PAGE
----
#1




Q3, general question
Is this a trick question, or just a direct application of the concepts learned in class, and present in the book? If want to pick the smallest such that , this is the same thing as saying pick the smallest such as . The example of a polynomial transformation is discussed in detail in the book and the generic formula for the upper bound is provided. Is there anything in this example that begs for a tighter bound that that provided by the formula that appears in page 105 of the book?
I have an even more general question about the VC dimension of these nonlinear transformations. I understand that in the transformed space one needs to apply the dichotomy analysis to come up with the VC dimension and that (since we did it for the general linear case) that is . Yet there is the caveat that some of the dichotomies that allow for that VC dimension might not be valid points of the transformation. But isn't that the case that the likelihood that the vast majority of points that would allow for such VC dimension will NOT be valid points of the transformation because we are trying to generate independent points out of degrees of freedom. Thus, in most cases the VC dimension is likely to be closer to than to , unless one gets really lucky.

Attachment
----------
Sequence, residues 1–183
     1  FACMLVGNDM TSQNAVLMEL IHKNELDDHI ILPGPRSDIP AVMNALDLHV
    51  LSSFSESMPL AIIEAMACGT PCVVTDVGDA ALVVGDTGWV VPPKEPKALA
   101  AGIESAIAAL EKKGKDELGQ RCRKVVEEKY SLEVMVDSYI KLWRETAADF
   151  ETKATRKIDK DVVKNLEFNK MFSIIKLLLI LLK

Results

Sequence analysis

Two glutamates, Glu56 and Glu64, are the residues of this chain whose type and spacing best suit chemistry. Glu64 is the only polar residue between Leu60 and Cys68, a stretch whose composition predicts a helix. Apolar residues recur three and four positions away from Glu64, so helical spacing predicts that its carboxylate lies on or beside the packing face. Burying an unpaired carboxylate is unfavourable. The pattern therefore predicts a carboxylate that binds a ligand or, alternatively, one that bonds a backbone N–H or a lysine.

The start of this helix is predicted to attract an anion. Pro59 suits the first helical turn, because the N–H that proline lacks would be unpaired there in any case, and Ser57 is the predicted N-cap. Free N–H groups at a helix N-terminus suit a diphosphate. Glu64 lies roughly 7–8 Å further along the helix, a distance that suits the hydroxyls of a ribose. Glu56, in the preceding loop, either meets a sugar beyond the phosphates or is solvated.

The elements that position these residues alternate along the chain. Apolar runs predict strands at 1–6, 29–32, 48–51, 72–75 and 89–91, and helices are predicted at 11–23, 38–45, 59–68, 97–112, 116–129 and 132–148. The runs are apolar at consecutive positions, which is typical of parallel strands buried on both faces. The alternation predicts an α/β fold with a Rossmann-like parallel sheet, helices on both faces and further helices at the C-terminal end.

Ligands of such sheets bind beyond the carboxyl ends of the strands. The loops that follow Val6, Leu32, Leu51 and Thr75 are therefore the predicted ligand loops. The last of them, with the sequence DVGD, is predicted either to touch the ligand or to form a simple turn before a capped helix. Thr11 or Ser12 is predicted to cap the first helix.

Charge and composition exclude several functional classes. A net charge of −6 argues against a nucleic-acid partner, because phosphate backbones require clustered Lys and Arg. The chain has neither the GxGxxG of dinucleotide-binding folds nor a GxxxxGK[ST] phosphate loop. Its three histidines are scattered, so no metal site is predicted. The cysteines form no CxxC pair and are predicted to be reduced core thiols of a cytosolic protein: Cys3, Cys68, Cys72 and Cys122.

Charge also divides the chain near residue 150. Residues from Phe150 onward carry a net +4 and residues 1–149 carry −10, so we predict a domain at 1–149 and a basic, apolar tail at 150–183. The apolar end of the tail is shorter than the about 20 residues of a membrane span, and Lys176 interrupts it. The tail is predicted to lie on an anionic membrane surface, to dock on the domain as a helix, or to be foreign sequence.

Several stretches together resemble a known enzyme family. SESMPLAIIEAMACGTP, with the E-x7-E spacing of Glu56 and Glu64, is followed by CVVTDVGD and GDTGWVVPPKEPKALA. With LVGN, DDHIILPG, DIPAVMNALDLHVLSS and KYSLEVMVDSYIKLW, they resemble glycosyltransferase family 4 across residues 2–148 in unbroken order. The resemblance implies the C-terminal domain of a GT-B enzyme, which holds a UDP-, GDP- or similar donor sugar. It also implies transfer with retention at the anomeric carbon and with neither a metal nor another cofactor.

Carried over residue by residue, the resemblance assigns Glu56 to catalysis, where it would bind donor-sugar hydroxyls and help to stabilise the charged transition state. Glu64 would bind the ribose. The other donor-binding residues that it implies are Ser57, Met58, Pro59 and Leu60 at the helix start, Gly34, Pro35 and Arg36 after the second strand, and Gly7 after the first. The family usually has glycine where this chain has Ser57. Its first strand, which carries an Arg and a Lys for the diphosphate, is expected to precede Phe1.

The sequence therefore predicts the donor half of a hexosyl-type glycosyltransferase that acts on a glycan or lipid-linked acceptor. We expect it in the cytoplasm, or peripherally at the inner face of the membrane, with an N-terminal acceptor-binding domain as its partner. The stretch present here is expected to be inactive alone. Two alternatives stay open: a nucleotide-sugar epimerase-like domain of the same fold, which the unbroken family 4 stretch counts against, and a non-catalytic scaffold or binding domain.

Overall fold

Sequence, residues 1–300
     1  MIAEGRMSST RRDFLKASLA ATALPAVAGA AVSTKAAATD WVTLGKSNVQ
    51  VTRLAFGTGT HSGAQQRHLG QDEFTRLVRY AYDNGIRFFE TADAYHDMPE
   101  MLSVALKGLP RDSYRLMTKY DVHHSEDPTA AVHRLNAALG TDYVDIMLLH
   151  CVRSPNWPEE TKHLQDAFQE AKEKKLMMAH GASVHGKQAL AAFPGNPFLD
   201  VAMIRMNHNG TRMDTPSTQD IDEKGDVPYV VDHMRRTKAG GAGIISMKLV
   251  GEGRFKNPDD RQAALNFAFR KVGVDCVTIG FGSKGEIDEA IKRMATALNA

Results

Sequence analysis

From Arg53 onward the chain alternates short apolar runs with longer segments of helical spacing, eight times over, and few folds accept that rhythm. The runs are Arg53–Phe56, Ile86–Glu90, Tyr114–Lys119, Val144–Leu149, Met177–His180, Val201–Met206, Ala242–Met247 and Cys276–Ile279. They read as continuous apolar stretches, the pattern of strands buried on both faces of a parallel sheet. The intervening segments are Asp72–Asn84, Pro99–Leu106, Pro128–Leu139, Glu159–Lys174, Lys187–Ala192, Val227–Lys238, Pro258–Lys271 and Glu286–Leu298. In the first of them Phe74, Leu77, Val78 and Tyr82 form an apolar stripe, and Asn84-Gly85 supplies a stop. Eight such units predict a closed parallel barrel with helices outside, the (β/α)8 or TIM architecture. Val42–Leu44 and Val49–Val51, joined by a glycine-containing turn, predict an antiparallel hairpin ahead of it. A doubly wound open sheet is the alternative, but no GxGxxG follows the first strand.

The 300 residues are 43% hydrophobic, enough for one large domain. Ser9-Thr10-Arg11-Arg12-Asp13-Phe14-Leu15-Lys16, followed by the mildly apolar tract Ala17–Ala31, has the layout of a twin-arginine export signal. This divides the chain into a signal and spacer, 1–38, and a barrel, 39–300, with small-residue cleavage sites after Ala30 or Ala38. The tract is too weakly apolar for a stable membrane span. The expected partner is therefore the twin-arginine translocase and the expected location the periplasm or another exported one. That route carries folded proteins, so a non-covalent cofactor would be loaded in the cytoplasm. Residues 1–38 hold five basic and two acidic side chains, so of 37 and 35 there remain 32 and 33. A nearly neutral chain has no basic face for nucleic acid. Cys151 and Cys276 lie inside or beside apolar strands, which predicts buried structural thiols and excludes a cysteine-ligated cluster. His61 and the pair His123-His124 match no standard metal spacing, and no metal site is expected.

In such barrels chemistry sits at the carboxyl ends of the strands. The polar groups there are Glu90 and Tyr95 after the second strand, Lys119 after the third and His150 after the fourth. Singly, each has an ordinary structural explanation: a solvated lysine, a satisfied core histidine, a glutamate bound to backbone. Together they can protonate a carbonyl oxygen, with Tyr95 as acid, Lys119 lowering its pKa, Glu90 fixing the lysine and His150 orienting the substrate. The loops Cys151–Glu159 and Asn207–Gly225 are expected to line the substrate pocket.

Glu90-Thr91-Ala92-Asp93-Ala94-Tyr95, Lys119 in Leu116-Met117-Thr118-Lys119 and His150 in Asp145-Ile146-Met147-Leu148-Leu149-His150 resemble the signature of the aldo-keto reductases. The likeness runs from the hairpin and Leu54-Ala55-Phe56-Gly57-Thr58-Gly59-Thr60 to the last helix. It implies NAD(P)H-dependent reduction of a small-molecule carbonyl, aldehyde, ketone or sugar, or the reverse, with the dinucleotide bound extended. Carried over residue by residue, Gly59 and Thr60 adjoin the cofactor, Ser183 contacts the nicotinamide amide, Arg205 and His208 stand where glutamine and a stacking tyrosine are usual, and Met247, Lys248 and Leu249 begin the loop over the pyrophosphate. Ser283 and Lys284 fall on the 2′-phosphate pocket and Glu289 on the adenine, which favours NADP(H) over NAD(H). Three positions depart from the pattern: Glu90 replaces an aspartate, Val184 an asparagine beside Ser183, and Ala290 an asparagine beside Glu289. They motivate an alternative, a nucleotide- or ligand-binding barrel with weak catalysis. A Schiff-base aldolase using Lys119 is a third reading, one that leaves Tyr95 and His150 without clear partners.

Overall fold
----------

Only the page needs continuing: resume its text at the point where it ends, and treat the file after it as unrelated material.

#2




Re: Q3, general question
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#3




Re: Q3, general question
Thanks for the answer on the general question. The bottom line is that one has to be very careful with these transformations.
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#4




Re: Q3, general question
I got this one wrong...not because of the mathematical challenge, but because of the typographical challenge!
Anyone else with old eyes lose track of the little semicolons down among the little subscripts, and so miscount the number of features in the transformed space? Doh! 
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